Later, Will is lost in thoughts of existential angst, musing: “But what am I, he wondered: neither Christian nor pagan nor proper lusty gentleman, for I’ve never really got the straight of this lady-and-whore business. And that is all I want and it does not seem too much to ask: for once and all to get the straight of it.”

Percy’s jarring either/or reveals more than we may be comfortable with about our culture’s understanding female personhood. What Will couldn’t “get the straight of” while lying awake that night, it seems, is that we (in the rich, comfortable, “liberated” echelons of the Western world) still don’t know how to appreciate women as humans qua humans. We perpetually want to classify them in relation to men. In this telling, women exist for men as a sort of “consumer product”—either in marriage and polite society (as “ladies”) or in sin and secrecy (as “whores”), and various shades between the two extremes—rather than as fully formed persons and citizens of God’s kingdom in their own right. Both categories demean, measuring every woman’s worth not by the content of her character, but by the man that chooses her, or doesn’t.

As a result, we don’t know how to understand men as humans either. We can never dehumanize others without also losing a proportional part of our own humanity. This is also a part of Will’s question above. Is there a path to fully formed manhood aside from becoming the “proper, lusty gentleman” his family and culture expected him to be?

Church: Part of the Solution, or Part of the Problem?
That this pattern of dehumanization shows up in the wider culture seems like a given. And if we are struggling, in the midst of an open, liberal culture, to welcome women as full participants in humanity, how much more in other parts of the world. Under Islam? Under Hinduism? In poverty? In slavery?

When it shows up just as vividly in the church, we’re left with two ways to interpret this tendency (and I should emphasize that it is a tendency, a general bent from which many, many men faithfully dissent and diverge). Is it a holdover from a fallen, unconverted world? A brokenness and sorrow from which we should flee, repent, and repair? Or is it, like in so many other religions, just the logical outworking of an understanding of the world shaped by its ancient text (with a simple caveat that the lustful side of the consumer coin should be avoided)?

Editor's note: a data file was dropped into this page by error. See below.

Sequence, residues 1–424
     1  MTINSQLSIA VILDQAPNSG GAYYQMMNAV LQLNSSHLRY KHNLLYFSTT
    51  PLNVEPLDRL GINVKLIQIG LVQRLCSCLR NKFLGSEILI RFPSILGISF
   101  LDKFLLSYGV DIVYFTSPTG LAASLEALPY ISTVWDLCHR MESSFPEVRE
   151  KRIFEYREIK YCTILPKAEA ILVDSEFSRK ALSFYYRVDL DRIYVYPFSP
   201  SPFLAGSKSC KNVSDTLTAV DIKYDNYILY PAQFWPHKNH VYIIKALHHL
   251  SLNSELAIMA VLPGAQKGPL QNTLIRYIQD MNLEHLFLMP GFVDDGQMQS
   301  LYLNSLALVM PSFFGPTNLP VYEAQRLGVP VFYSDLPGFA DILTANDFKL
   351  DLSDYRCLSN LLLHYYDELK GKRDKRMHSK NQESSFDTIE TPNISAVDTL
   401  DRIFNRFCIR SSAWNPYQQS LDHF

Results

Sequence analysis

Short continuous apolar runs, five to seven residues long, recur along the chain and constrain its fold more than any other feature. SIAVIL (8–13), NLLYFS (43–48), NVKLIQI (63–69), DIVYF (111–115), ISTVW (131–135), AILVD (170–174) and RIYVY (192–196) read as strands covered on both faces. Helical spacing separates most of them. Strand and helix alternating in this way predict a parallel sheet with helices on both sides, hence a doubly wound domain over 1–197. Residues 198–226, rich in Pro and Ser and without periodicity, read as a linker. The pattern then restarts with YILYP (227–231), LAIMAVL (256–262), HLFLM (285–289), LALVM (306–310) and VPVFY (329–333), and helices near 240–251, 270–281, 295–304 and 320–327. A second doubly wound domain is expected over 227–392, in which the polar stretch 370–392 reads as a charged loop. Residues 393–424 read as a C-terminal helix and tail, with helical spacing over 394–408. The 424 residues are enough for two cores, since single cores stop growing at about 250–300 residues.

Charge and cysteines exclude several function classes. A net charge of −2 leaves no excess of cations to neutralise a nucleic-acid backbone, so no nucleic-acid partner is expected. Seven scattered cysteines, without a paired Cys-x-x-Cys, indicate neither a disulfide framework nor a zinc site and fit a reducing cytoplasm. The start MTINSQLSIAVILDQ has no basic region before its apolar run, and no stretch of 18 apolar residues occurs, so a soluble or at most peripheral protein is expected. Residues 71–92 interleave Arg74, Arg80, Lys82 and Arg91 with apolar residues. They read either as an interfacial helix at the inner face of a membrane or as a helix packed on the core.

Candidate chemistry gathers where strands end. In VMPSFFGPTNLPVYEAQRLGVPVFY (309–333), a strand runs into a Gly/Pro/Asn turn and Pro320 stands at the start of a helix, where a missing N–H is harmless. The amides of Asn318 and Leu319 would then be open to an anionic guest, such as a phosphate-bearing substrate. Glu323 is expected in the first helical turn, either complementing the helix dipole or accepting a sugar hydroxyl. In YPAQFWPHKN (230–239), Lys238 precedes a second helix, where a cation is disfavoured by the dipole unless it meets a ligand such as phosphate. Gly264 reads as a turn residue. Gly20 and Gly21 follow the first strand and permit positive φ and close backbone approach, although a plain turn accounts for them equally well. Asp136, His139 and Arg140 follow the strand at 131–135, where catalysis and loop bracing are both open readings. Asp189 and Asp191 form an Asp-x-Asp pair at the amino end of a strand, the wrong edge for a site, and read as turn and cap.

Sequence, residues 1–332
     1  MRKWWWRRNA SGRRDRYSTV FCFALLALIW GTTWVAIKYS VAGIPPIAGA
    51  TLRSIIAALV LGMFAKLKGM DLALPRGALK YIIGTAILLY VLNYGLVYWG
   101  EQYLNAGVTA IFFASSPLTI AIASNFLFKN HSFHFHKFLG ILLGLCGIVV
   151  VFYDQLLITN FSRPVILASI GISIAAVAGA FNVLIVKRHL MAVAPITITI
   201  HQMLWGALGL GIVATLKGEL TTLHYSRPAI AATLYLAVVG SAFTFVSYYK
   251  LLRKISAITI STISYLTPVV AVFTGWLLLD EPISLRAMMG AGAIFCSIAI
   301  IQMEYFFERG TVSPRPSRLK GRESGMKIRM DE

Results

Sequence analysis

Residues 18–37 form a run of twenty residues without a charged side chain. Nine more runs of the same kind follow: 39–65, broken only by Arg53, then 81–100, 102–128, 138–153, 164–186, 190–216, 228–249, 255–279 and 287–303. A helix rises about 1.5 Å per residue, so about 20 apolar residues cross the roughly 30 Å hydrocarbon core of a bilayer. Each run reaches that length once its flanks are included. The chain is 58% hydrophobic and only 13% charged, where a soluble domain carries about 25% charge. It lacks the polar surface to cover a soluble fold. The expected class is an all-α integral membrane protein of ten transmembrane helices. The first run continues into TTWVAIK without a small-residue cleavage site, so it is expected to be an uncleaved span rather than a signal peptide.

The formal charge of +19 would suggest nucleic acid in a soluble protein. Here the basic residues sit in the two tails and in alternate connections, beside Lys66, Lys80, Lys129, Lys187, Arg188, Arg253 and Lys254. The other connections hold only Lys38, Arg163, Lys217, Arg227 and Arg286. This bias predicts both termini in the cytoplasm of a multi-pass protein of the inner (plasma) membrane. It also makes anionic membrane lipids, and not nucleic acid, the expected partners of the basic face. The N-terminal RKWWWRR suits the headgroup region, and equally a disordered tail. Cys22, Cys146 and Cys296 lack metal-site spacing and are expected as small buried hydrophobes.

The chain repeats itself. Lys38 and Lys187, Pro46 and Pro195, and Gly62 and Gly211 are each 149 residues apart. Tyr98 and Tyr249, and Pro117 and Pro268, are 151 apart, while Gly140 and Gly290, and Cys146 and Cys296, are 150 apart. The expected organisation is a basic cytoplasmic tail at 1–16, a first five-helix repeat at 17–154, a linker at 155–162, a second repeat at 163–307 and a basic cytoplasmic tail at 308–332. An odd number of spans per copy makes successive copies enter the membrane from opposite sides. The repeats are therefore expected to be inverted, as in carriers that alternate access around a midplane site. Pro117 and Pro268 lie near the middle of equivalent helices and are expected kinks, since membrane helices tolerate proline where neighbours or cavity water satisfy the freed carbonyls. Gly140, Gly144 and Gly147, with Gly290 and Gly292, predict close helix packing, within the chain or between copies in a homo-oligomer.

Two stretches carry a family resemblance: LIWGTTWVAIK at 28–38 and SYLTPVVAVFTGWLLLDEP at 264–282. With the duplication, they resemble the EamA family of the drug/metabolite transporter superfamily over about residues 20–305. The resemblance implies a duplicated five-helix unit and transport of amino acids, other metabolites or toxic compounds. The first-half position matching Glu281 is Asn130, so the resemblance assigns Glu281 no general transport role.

I’m tipping my hand in the way this question is phrased, for I do believe repentance is called for as the only biblical response—even from those whose ministries and churches have not willfully engaged in these patterns. If #MeToo, #ChurchToo (and #YesAllWomen before that) have shown nothing else, they’ve shown that half the image-bearers in the world have routinely been given a lesser status than the other half. This is a systemic sin, often as invisible to its perpetrators as it is pervasive. Time does not heal sin. Injustice may fade in its visibility, but when the Spirit brings conviction, we have no choice but to see, grieve, repent, and restore, and then call others’ attention to the sin so that they may do likewise.

Lastly, lest we think that the church—the embodied family of Christ on earth—has better things to worry about than what gets hashed out on the Internet, my friend adds: “There is a reason the corporate lament and community of [this moment] happened on social media, even for your sisters in Christ. It’s because, as a general trend, that corporate lament isn’t happening in our churches.” With that in mind, what follows in these next few pieces is, to be sure, a theological and social reflection, but with a firmly pastoral focus. How we think through these things should inform how we weep with those who weep.

Part 2: Men, Women, Image-Bearing and Scripture
Part 3: Cultivation v. Coercion
Part 4: A True and Better Way to Be

Image: Madonna di Campagna, 15th-Century Italian painting

Psalm 52.5

To the attempter of ministry. A song of descents.

1 O Lord, exalter of the humble,
      Crush all my weary pride.

2 In You alone do the lowly take refuge.
                                     Selah

3 Not so the arrogant, who trust in man's power,
      In the riches and reputation they see as theirs.

4 In a moment, you will show them their poverty.
      You will teach them to become weak.

5 For to depend upon You is to be wealthy,
      And to be carried on your back is strength.

6 Blessed is the man who forsakes his position;
      The woman who rebukes a haughty heart.

7 In the shadow of Your presence alone do they find light. 
                                                       Selah

8 Give thanks, O my soul, and heed the grace of the Most High.